A Coupled Hydrodynamic Model of the Cardiovascular and Cerebrospinal Fluid System
Coupling of the cardiovascular and cerebrospinal fluid (CSF) system is considered to be important to understand the pathophysiology of cerebrovascular and craniospinal disease and intrathecal drug delivery. A coupled cardiovascular and CSF system model was designed to examine the relation of spinal cord (SC) blood flow (SCBF) and CSF pulsations along the spinal subarachnoid space (SSS). A one-dimensional (1-D) cardiovascular tree model was constructed including a simplified SC arterial network. Connection between the cardiovascular and CSF system was accomplished by a transfer function based on in vivo measurements of CSF and cerebral blood flow. A 1-D tube model of the SSS was constructed based on in vivo measurements in the literature. Pressure and flow throughout the cardiovascular and CSF system were determined for different values of craniospinal compliance. SCBF results indicated that the cervical, thoracic, and lumbar SC each had a signature waveform shape. The cerebral blood flow to CSF transfer function reproduced an in vivo-like CSF flow waveform. The 1-D tube model of the SSS resulted in a distribution of CSF pressure and flow and a wave speed that were similar to those in vivo. The SCBF to CSF pulse delay was found to vary a great degree along the spine depending on craniospinal compliance and vascular anatomy. The properties and anatomy of the SC arterial network and SSS were found to have an important impact on pressure and flow and perivascular fluid movement to the SC. Overall, the coupled model provides predictions about the flow and pressure environment in the SC and SSS. More detailed measurements are needed to fully validate the model.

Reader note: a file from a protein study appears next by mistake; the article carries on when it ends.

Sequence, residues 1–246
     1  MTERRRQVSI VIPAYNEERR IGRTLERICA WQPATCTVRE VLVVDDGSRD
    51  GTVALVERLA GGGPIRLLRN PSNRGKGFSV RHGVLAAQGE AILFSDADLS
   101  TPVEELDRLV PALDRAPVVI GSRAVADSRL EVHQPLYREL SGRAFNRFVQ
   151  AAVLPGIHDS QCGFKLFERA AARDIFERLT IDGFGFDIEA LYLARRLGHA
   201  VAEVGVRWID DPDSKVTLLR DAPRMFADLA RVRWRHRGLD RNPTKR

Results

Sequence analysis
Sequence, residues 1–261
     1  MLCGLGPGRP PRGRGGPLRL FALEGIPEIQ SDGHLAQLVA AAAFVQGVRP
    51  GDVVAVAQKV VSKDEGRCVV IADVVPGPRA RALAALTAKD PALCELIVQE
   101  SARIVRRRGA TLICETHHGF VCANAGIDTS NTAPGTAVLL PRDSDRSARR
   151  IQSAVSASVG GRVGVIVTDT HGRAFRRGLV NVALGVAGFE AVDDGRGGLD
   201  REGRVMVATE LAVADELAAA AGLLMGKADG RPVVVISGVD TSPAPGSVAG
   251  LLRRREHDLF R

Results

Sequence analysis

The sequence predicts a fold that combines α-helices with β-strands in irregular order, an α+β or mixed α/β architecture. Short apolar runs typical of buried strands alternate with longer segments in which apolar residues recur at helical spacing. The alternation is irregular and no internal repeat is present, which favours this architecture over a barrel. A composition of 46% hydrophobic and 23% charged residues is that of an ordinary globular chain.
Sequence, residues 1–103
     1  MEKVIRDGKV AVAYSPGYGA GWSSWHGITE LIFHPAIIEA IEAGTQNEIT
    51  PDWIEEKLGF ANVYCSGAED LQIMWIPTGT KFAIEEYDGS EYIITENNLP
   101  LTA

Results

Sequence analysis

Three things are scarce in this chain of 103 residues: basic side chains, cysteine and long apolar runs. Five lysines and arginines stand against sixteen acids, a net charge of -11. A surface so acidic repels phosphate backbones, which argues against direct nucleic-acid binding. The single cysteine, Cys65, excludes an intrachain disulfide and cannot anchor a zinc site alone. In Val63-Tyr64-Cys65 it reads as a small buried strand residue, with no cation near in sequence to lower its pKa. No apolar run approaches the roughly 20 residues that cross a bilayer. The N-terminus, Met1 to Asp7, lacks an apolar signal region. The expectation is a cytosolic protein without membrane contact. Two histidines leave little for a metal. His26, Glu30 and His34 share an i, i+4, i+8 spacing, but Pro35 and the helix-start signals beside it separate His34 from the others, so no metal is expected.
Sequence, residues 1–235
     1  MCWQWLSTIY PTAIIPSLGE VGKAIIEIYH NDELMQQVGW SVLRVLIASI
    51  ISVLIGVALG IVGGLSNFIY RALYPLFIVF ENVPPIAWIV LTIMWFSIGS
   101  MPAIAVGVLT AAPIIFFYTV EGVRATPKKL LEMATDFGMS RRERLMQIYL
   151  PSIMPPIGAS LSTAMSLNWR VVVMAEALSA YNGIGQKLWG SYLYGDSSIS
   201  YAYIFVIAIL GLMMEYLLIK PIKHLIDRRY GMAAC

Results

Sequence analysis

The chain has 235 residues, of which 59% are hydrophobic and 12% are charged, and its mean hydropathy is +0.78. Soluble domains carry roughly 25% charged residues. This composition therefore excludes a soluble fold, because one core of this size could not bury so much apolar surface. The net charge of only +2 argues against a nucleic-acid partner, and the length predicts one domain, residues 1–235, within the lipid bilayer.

American Journal of Physiology-Heart and Circulatory Physiology
Martin, Bryn A.; Reymond, Philippe; Reymond, Jan; Novy, Jan; Baledent, Olivier; and Stergiopulos, Nikolaos, "A Coupled Hydrodynamic Model of the Cardiovascular and Cerebrospinal Fluid System" (2012). Mechanical Engineering Faculty Research. 215.